Special Olympics New York Welcomes New President, CEO

The Board of Directors of Special Olympics New York has named Stacey B. Hengsterman as the organization’s new president and chief executive officer.

Stacey B. Hengsterman
Stacey B. Hengsterman

She officially begins her role on July 1, at the organization’s headquarters in Schenectady.

Special Olympics New York, the largest Special Olympics program in North America, provides year-round sports training and competition to children and adults with intellectual disabilities.

Hengsterman is an accomplished leader with nearly 20 years of experience at the State University of New York, the country’s largest comprehensive system of public higher education.

As chief of staff at SUNY’s central administration, she served as the strategic advisor to the chancellor and the board of trustees and was the primary liaison to presidents, student and faculty leaders and executive staff at the 64 campuses that comprise SUNY.

Hengsterman and her staff managed a wide-ranging portfolio of activity encompassing community and government relations, advocacy, communications, development, operations and policy.

In 2017, Hengsterman created and managed the first philanthropic foundation in the university system’s history. Most recently, she has been working with SUNY Chancellor Emeritus Nancy L. Zimpher to launch the nation’s first Center for Education Pipeline Systems Change at SUNY’s Rockefeller Institute of Government, forging public-private partnerships and attracting investments to advance the work of the center.

“I am committed to Special Olympics New York’s core values and am honored to have the opportunity to work alongside a team of people who share a passion for social inclusion and equality,” said Hengsterman. “I welcome the opportunity to attract attention to and support for the Special Olympics mission, our wonderful programs, and our amazing and positive impact on New York’s families and communities.”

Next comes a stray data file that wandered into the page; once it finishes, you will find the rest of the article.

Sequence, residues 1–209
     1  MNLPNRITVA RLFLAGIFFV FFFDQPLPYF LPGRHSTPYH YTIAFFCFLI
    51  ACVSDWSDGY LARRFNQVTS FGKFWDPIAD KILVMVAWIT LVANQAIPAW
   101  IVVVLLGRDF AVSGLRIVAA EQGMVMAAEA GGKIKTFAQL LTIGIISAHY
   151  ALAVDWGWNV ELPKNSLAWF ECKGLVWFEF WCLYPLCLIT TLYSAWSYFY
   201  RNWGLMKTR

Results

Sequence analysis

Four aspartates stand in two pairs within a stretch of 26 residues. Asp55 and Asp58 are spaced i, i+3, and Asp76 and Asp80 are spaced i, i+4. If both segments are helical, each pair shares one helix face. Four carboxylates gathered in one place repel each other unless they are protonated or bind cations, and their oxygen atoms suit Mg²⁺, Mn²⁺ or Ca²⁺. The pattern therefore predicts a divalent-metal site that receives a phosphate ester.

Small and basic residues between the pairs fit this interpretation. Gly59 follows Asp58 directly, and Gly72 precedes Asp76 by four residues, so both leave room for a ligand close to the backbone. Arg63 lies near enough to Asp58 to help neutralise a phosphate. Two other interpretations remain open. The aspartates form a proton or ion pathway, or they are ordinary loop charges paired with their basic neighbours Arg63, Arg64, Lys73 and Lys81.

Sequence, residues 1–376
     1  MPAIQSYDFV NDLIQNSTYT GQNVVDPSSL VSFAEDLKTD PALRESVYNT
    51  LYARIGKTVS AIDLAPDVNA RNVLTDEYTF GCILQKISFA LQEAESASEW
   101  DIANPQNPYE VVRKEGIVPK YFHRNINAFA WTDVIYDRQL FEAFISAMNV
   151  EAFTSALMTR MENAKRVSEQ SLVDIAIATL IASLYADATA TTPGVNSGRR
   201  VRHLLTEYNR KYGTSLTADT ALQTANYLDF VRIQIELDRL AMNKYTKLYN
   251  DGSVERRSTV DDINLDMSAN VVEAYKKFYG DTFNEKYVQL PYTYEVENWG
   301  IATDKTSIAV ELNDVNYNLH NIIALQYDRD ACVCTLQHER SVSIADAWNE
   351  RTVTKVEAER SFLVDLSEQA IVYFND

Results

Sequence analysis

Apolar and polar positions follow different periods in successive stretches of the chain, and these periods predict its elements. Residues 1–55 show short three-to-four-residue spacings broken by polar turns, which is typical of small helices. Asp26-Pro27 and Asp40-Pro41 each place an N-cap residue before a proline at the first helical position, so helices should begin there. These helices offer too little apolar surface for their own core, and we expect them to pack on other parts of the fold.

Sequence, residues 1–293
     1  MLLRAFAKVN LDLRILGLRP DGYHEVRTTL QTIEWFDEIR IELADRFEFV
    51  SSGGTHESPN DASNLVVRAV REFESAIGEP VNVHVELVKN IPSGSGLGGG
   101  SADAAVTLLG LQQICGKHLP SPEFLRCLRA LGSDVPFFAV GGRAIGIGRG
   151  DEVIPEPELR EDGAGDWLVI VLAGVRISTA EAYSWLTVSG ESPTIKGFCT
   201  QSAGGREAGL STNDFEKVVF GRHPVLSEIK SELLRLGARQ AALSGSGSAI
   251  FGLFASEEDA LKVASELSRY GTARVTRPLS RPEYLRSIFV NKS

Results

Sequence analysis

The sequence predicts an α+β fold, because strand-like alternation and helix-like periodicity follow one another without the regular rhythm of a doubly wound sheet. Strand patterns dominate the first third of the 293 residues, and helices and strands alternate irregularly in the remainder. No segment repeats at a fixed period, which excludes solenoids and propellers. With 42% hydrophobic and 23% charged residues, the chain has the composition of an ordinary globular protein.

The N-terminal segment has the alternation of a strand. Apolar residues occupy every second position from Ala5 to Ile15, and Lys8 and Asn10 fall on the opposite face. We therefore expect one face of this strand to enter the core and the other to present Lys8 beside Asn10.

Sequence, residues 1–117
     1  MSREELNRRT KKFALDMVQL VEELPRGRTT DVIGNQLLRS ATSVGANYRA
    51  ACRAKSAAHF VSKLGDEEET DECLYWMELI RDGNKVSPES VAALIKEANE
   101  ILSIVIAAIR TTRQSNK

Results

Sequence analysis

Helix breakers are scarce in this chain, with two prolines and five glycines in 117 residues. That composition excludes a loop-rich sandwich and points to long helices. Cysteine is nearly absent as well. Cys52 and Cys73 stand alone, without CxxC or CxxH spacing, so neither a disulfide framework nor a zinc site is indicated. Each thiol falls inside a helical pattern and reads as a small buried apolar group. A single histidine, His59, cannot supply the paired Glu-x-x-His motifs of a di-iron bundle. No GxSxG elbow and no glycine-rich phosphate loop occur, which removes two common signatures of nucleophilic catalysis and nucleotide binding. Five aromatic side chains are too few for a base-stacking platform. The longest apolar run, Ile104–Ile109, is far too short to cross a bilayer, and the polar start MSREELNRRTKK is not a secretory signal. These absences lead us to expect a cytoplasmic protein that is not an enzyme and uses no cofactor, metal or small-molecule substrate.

“Stacey has a proven record of success in organizational management, fundraising, and leadership, as well as a heart for serving our state’s special-needs community,” said Patricia Martinelli, chair of the board of directors of Special Olympics New York. “As the board’s unanimous selection as President and CEO, we are confident that she will enthusiastically refine and advance our strategic plan, always leading with compassion and acumen. Special Olympics New York is in very good hands.”

Hengsterman, whose son, Alex, has Down syndrome, says her passion for the Special Olympics mission stems from the many community members, businesses, teachers and students who have always made Alex feel welcomed and included.

She lives in Clifton Park with her husband, Rick, a high school history teacher, and their three children, Jackson (17), Alex (14), and Lauren (11).

About Special Olympics New York

Special Olympics New York provides year-round sports training and competition in 23 Olympic-style sports to children and adults with intellectual disabilities at no cost to the athletes, their families or caregivers. There are more than 66,000 athletes and unified partners that train and compete with Special Olympics New York, the largest Special Olympics program in North America.
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